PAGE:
**Figure 5**. The test results of three algorithms run on trough map. **(A)** Simulation results in 40*40 grid. **(B)** Convergence curve. (Other two algorithms is failed in trough map).

**Figure 6**. The test results of three algorithms run on baffle map. **(A)** Simulation results in 20*20 grid. **(B)** Convergence curve. (Other two algorithms is failed in trough map).

As shown in Figure 3, the optimized path length of the improved ant colony algorithm is 29.2133 and the number of bending times is 6. The improved ant colony algorithm is basically as same as the path planning effect of the ant colony algorithm (Zhao et al., 2016) on the path length, but it is 25% lower on bending times than the ant colony algorithm (Zhao et al., 2016). Compared with the traditional ant colony algorithm, it is 73% reduction in the number of bending times.

As shown in Figure 4, the optimized length of the improved ant colony algorithm is 37.3849, and the number of bending times is 7. In the shortest path length, the improved ant colony algorithm is basically as same as the algorithm (Zhao et al., 2016). In the number of bending times, it is 50% decrease than the traditional ant colony algorithm and is 22% decrease than the algorithm (Zhao et al., 2016).

As shown in Figure 5, the optimized path length of the improved ant colony algorithm is 51.1128. In Figure 6, the optimized path length of the improved ant colony algorithm is 50.7280. But in Figures 5, 6, both the traditional ant colony algorithm and the algorithm (Zhao et al., 2016) can't search the global optimized path. Even as the scale of the problem expands and the environment map becomes more and more complex, the improved algorithm can still perform very well.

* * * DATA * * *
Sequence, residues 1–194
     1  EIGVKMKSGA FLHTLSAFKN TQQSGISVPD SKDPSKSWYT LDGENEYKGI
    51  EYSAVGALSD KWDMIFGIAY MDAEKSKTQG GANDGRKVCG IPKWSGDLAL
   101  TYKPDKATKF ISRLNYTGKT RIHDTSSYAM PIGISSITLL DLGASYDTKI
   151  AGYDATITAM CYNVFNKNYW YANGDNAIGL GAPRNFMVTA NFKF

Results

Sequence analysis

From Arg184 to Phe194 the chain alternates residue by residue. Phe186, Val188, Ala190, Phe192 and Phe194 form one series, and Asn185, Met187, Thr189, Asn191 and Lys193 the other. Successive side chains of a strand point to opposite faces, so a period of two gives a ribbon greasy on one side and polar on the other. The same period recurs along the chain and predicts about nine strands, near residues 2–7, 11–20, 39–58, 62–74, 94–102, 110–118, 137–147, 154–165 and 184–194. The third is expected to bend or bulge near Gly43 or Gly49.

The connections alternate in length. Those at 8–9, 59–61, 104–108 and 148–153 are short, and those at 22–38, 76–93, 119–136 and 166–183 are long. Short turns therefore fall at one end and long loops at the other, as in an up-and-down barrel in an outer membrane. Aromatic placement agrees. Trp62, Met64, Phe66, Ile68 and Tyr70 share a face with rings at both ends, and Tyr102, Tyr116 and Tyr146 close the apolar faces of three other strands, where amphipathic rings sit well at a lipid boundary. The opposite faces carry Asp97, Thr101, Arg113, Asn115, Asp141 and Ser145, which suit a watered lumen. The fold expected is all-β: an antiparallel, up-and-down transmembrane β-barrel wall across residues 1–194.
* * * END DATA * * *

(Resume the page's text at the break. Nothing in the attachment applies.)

The results of the three algorithms that run 100 times in same map environments are shown in Table 3. Compared with the traditional ant colony algorithm and the algorithm (Zhao et al., 2016), the improved algorithm has a good performance on the efficiency. At the same time, it has a good adaptability in a complicated area. The improved algorithm proposed in this paper can be used not only in the path planning of mobile robots, but also in the path planning of robot manipulators (Yang et al., 2017, 2018).

### The Retraction Mechanism Results Analysis

In order to show the function of retraction mechanism, the ACO with the retraction mechanism and ACO without the retraction mechanism are tested on the trough map and the baffle map, respectively.

As shown in Figures 7A, 8A, ACO with the retraction mechanism has higher efficiency and fewer iteration than ACO without the retraction mechanism. When ants fall into deadlock state, the retraction mechanism is used to replace the early death strategy, which avoids a large number of ant deaths in one iteration. Therefore, each ant can obtain a path by using the retraction mechanism, which increases the diversity of results and is beneficial to find the optimal path. As shown in Figures 7B, 8B, the number of ant retracted in the initial stage of the algorithm is higher than in the middle and later stage of the algorithm and the retraction mechanism can effectively suppress the decline of the number of ants.

**Figure 7**. The test results of two algorithms run on trough map. **(A)** Path planning comparison. **(B)** Ant retraction number curve.